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  • June 28, 2017

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Here’s a solution that could tackle two of the West’s most urgent problems: a young generation priced out of affordable housing, and the loneliness and isolation of a rapidly ageing population. For so-called millennials, like Mikyoung Ahn, a large home is a seemingly unattainable dream.

After living in Amsterdam for the past twenty years on the loot from his 1996 drug swindle, Mark Renton (Ewan McGregor) returns to Edinburgh to reconnect with old pals Spud/Daniel (Ewen Bremner) and Sick Boy/Simon (Jonny Lee Miller). Yet as he and Sick Boy move into a business partnership, Begbie (Robert Carylyle), the psycho he double crossed, escapes from prison.

Here’s a solution that could tackle two of the West’s most urgent problems: a young generation priced out of affordable housing, and the loneliness and isolation of a rapidly ageing population. For so-called millennials, like Mikyoung Ahn, a large home is a seemingly unattainable dream.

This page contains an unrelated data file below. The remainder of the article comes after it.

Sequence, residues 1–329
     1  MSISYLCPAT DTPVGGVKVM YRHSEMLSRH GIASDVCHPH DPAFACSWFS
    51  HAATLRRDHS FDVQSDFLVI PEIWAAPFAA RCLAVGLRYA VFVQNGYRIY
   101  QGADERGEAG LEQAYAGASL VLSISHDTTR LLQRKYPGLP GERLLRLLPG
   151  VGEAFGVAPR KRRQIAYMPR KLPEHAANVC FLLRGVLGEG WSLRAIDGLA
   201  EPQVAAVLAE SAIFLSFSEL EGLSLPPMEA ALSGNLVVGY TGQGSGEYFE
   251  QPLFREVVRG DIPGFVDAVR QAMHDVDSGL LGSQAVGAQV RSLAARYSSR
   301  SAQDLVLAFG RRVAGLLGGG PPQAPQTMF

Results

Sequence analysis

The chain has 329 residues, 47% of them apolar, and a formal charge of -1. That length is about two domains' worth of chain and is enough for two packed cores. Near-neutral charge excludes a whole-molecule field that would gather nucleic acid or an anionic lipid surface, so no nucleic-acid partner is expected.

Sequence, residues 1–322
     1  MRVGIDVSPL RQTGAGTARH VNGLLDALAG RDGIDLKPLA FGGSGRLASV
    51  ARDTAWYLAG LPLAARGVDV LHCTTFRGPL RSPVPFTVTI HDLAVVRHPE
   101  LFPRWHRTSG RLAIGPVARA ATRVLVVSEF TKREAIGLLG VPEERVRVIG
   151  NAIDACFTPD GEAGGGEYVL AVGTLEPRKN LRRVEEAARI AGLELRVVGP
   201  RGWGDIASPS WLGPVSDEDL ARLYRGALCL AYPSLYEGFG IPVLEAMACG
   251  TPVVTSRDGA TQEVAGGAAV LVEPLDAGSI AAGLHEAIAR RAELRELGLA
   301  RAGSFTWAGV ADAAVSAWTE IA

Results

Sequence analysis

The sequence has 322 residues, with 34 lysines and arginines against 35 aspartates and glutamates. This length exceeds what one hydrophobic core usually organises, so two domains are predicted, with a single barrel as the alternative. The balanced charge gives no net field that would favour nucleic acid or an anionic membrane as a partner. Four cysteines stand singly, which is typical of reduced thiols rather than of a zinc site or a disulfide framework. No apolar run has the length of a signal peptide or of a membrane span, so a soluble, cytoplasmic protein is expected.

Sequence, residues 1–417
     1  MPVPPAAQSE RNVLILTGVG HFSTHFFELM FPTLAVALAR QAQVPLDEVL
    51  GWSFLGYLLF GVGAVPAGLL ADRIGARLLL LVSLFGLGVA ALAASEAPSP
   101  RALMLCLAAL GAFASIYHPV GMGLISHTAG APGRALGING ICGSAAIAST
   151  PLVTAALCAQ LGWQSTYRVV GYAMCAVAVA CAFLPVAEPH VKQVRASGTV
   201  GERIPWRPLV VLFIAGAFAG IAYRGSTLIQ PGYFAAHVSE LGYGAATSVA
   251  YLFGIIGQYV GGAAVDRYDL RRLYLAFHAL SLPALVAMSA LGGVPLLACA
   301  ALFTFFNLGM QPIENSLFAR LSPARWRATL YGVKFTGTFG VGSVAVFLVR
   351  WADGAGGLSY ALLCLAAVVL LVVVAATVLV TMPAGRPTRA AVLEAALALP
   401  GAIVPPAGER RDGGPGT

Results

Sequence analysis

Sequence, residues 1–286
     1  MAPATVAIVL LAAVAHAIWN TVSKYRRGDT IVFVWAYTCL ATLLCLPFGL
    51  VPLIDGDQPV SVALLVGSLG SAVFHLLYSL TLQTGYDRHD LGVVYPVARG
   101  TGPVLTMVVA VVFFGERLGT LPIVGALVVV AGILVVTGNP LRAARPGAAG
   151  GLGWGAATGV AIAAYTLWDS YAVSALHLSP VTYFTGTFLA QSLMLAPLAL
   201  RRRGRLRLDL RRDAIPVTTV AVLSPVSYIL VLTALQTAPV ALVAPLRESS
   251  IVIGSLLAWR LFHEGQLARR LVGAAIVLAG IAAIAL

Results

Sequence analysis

Here’s a solution that could tackle two of the West’s most urgent problems: a young generation priced out of affordable housing, and the loneliness and isolation of a rapidly ageing population. For so-called millennials, like Mikyoung Ahn, a large home is a seemingly unattainable dream.

After living in Amsterdam for the past twenty years on the loot from his 1996 drug swindle, Mark Renton (Ewan McGregor) returns to Edinburgh to reconnect with old pals Spud/Daniel (Ewen Bremner) and Sick Boy/Simon (Jonny Lee Miller). Yet as he and Sick Boy move into a business partnership, Begbie (Robert Carylyle), the psycho he double crossed, escapes from prison.

Here’s a solution that could tackle two of the West’s most urgent problems: a young generation priced out of affordable housing, and the loneliness and isolation of a rapidly ageing population. For so-called millennials, like Mikyoung Ahn, a large home is a seemingly unattainable dream.

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